That rich walnut burr panelling covers the dashboard, door panel uppers, and areas of the roof. On the roof trim pieces there is some delamination – alongside what appears to be a couple of areas of paint touch-up on the body colour metal parts – but otherwise there's nothing to suggest this hasn't just come out of the factory.

All of the gauges are clear and bright, and operate as they ought to, and all the switches remain clearly labelled and operational. We didn't get a chance to test out the AM/FM radio – which looks to be a later item than the original but in-keeping with the car.

The green carpeting covers everything from the waist down, including the transmission tunnel, and is also in excellent condition. However there is a scuff to the passenger side sill, suggesting that the door on that side is rubbing slightly.

Underneath

The XK is a car named in part for its engine and in part for its performance. It sports the twin-carb, 3.4-litre “XK” straight six engine, producing 160hp. It's paired to a four-speed manual Moss gearbox, here with no overdrive.

That's enough to propel the 1.4-tonne XK120 to 60mph in just under ten seconds and on to a top speed of 120mph. Remarkable in its day, that's still enough to keep up with the bulk of modern road cars.

It is something of a challenge to drive compared to modern cars though, with no synchromesh on the gearbox, no power steering, and drum brakes all round. That is, in fact, part of the reason why the seller is opting to part with the car; the experience box has been ticked, but car and driver aren't compatible.

However it all drives exactly as it should, with no modification to the mechanicals aside from an electric fan. It's common to find gearbox and brake conversions, but this XK120 is all original.

Underneath it's close to a new car. The chassis restoration is obvious, with an almost completely unmarked underside including pristine chassis rails. Aside from a little weathering on some of the suspension components, there's barely any sign of age at all.

There's also new exhaust sections, which appear to be stainless steel, and the new brake hard lines and braided hoses just about jump out at you. Nothing leaks, squeaks, or rattles, and the engine fires up and revs without a fuss.

History Highlights

The most remarkable part of the car's history is, without a doubt, the box file full of invoices from its time in South Africa. In fact prior to its spell overseas there's actually not that much information, aside from a certificate and statement from Retro Classics detailing its build date and previous owners.

That file contains receipts for what we'd estimate to be around £25,000 of restoration work, converted from South African Rand to Sterling at 2006 exchange rates, including the leather interior and mohair roof from UK suppliers. There's also the South African equivalent of the UK “road tax” (VED) documents, and import and registration documents.

What We Think

The XK120 was nothing short of a revolution when it arrived. Jaguar's first post-war sports car was the fastest wheeled vehicle on Earth, and was more than capable of conveying two people and luggage up to its maximum speed in comfort for as long as the fuel would last. It's also one of the prettiest cars Jaguar ever made.

This particular example is one of the rarest out there, with fewer than 300 examples of the drop head coupe made in right-hand drive. It's also been through an almost nut-and-bolt restoration, with matching number chassis, engine, and body, and is in full working order ready for next year's classic car events.

We estimate this vehicle to fetch between £70,000 - £85,000 in auction.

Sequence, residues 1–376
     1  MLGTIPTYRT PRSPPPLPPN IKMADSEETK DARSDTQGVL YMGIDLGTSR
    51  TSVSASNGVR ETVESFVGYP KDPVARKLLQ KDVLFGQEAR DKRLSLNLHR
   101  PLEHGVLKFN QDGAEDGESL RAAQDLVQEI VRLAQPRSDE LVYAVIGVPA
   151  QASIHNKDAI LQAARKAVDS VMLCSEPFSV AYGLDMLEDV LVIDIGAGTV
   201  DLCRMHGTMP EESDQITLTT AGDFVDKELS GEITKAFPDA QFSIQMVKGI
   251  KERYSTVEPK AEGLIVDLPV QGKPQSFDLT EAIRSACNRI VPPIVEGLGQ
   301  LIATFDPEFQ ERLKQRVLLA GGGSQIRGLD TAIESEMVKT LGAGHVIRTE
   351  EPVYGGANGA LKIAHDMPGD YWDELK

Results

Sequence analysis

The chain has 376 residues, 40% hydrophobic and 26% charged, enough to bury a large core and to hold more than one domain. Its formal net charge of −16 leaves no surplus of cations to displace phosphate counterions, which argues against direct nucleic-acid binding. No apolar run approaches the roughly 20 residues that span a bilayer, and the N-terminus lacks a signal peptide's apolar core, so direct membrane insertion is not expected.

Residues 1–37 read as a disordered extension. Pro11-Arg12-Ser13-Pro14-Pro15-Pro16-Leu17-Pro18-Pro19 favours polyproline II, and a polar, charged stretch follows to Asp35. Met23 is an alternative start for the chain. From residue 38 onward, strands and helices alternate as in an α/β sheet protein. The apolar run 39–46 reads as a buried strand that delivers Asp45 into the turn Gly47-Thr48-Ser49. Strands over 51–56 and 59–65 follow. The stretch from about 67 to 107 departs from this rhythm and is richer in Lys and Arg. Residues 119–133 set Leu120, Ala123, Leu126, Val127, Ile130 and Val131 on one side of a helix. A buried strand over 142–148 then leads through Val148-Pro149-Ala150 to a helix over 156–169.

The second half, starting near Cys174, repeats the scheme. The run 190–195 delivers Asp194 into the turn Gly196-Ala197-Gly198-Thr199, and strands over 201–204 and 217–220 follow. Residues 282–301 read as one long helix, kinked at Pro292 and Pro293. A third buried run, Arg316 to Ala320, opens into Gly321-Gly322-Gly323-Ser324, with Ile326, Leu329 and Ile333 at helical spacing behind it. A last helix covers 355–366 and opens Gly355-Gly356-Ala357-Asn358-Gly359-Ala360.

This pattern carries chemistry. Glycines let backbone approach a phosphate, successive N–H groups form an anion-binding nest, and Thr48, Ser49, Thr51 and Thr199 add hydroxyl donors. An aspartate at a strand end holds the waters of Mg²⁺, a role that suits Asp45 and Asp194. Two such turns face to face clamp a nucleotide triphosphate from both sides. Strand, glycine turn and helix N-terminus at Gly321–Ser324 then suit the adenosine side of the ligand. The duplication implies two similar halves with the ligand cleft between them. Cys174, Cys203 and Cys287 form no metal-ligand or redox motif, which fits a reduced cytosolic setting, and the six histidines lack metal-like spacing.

Viewing is always encouraged, and this particular car is located with the vendor in Cleckheaton, United Kingdom. To arrange an appointment please use the Contact Seller button at the top of the listing. Feel free to ask any questions or make observations in the comments section below, or try our ‘Frequently Asked Questions’.

Bidders MUST ensure they are aware of the registration situation of a car in auction, and whether it will be possible to export/register a vehicle in their country BEFORE they bid.

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If needed, Footman James classic car insurance and Classic Concierge offer storage can offer you options, plus we have a list of contacts who can help with transport and shipping both domestic and international.  

BORING, but IMPORTANT: Please note that whilst we at The Market always aim to offer the most descriptive and transparent auction listings available, we cannot claim they are perfect analyses of any of the vehicles for sale. We offer far greater opportunity for bidders to view, or arrange inspections for each vehicle thoroughly prior to bidding than traditional auctions, and we always encourage bidders to take advantage of this. We do take a good look at those vehicles which are delivered to our premises for sale, but this only results in our unbiased personal observations, not those of a qualified inspector or other professional, or the result of a long test drive.

Also, localised paint repairs are common with collectable and classic cars and if they have been professionally carried out then they may be impossible to detect, even if we see the car in person. So, unless we state otherwise, please assume that any vehicle could have had remedial bodywork at some point in its life.

Additionally, please note that most of the videos on our site have been recorded using basic cameras which often result in 'average' sound quality; in particular, engines and exhausts notes can sound a little different to how they are in reality.

Please note that this is sold as seen (Caveat Emptor) and that, as is normal for used goods bought at auction, a return policy does not apply. See our FAQs for more info, and feel free to inspect any vehicle as much as you wish.

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Seller

NProctor

  • Location: Cleckheaton, United Kingdom
  • Seller Type: Private
  • Odometer Reading: 1500
  • Chassis Number: 667030
  • Engine: 3442
  • Gearbox: Manual
  • Steering position: Right-hand drive
  • Colour: British Racing Green
  • Interior: Green & Wood Veneer
  • Estimated Price: £70,000 - £85,000